As similarly published in Los Angeles Lawyer, April 2005
By: David Nolte
Fulcrum Financial Inquiry, LLP
888 S. Figueroa Street Suite 2000
Los Angeles, California 90017
Tel: 213-787-4100 Fax: 213-787-4141
In many respects, the cross-examination of an expert witness is the same as for other witnesses. Some basics include: Be brief...Do not quarrel with the witness...Never ask a question to which you do not already know the answer...Avoid one question too many...and so on. However, there are some important differences.
Preparation is even more important when dealing with an expert witness. Your research should include:
Attacking the opposing expert's theory or conclusions is much more difficult than attacking their qualifications. To prepare for the substance of the opinions, you should be schooled by your (equally competent) expert. Your expert can educate you as to weaknesses and flaws in the opposing position, as well as the jargon necessary to understand what is being said. Your expert may also know information about your opposing expert that you would otherwise have difficulty learning.
Your cross-examination plan should emphasize quality over quantity. The more qualified and/or experienced the expert, the less likely that you will gain much from a more lengthy cross. The reason is that the expert has years of training and experience from which to draw in answering your questions. A wide-ranging cross is more likely to give the witness a new chance to demonstrate his expertise or explain his views. Particularly with complex subjects, focus on your opponent's big problems that you know you can demonstrate.
What Questions to Ask
Your deposition should have uncovered the assumptions upon which your opposing expert relies. These assumptions often control the result the expert reaches, and will likely be the centerpiece of your examination. Your ultimate goal is to provide the jurors with the basis to argue against the expert's conclusions by showing that they are based on assumptions that the jury independently rejects. The jury will generally find it much easier to critique the assumptions than to challenge the expert's science or techniques.
All cross-examination is better when done with short and simple sentences. Add only one new fact or point with each question. This makes it difficult for the witness to disagree without appearing obstinate. Short questions provide less room for the witness to squirm away from your control, or provide explanations that you would rather not hear.
The use of questions that do not contain extra details is particularly important when dealing with the complex subjects that experts address. Experts are usually careful, and understand the importance of precision. Avoid questions containing absolute words (such as "always" or "never"), or unnecessary adjectives (such as "clearly" or "rapidly"). Otherwise, the expert may take advantage of your question's exceptions or subtleties to avoid answering in the desired way.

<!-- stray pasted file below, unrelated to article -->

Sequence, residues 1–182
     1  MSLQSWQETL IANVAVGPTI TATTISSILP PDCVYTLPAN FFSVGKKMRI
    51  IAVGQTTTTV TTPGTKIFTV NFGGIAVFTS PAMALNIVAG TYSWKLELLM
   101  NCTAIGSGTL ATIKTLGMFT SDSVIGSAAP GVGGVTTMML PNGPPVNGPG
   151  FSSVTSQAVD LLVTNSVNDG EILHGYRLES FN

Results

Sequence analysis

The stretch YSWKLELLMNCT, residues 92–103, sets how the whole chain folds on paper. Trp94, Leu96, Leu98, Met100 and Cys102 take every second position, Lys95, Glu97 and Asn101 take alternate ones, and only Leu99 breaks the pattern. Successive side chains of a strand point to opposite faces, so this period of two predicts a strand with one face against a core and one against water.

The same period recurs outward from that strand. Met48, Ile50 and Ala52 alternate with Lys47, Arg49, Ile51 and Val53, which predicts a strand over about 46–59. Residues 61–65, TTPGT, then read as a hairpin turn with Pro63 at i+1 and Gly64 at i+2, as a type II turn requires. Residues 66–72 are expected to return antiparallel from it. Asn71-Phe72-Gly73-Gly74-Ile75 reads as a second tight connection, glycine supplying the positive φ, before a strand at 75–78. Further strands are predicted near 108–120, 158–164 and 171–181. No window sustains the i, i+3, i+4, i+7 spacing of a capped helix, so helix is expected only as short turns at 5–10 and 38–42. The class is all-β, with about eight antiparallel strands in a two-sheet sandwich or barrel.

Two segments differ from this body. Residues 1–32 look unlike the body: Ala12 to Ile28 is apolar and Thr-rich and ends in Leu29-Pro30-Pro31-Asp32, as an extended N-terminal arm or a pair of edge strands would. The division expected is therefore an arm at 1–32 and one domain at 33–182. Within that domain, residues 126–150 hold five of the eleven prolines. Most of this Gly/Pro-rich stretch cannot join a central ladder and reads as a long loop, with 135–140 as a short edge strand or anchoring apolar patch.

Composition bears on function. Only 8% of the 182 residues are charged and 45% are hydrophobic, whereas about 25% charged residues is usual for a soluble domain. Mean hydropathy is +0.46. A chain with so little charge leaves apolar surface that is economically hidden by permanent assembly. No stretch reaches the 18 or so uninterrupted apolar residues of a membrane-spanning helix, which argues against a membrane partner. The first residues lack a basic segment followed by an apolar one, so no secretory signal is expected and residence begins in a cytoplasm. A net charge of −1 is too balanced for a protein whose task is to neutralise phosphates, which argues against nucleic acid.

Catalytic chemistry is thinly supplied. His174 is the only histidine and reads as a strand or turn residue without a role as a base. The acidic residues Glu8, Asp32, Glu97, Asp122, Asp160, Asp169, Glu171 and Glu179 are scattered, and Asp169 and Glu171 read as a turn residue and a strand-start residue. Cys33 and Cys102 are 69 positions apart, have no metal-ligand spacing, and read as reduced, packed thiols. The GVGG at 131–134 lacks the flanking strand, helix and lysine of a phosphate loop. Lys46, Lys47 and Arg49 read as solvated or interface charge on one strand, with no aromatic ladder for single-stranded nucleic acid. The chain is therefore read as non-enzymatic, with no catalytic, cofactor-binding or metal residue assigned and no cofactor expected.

Most questions should be leading, meaning the question can be answered with a "yes" or a "no". This has the practical effect of having the attorney serve as a witness, with the real witness ratifying the attorney's testimony. However, as long as you have a good deposition transcript to support you, some questions are better left open for the expert to complete. Some examples, all of which ask for specific objective data, include:
Lawyers often try to impeach an expert with the fact that he has been paid for his work. This backfires as often as it works. For example, if the expert has put significant time and cost into the matter, does this indicate thoroughness rather than bias? If the expert has a high hourly rate, does this mean that she is a liar, or rather that she is eminently qualified and in high demand? The impeachment from fee-related questions is minor compared to the witness's confidence and preparation on other matters and the effectiveness of the rest of your cross-examination.
Some experts attempt to demonstrate their superiority by using technical jargon. When dealing with a pompous expert, you must know the expert's lingo. Get the expert to agree with your alternative explanation that uses everyday language. Doing this will demonstrate the expert's arrogance, and will raise your credibility with the jury.
The Order of Questions
You should generally begin and end your cross-examination with your strongest points. Otherwise, use the following sequence:
Practically every opposing expert will have opinions that support your case. This corroborating testimony will have a stronger impact than the same testimony from your side. Therefore, start your examination with the areas or themes that will allow you to turn the opposing expert into your witness. At the beginning, your opposing expert will be less hostile.
Next, dilute the opposing expert's opinions by seeking agreement regarding possible alternative explanations that favor your theories. A jury will often give credit to a mere possibility, even if this possibility may not be probable.
After the corroborative portion of the cross-examination, ask the more destructive and critical questions. However, do not be aggressive, as this might cause the jury to be sympathetic towards the expert. You should attack an expert only when you believe the jury will see the witness as being unfair, arrogant, or disrespectful of the truth. Even then, you must never cross the lines between tough and mean, or confident and arrogant.
Experts often make a huge difference in the trial. Additional attention to the expert portion of your case is usually worth the effort.
David Nolte is a principal at Fulcrum Financial Inquiry LLP with over 30 years experience performing forensic accounting, auditing, business appraisals, and related financial consulting. He regularly serves as an expert witness.
See Fulcrum Financial's Profile on Experts.com.
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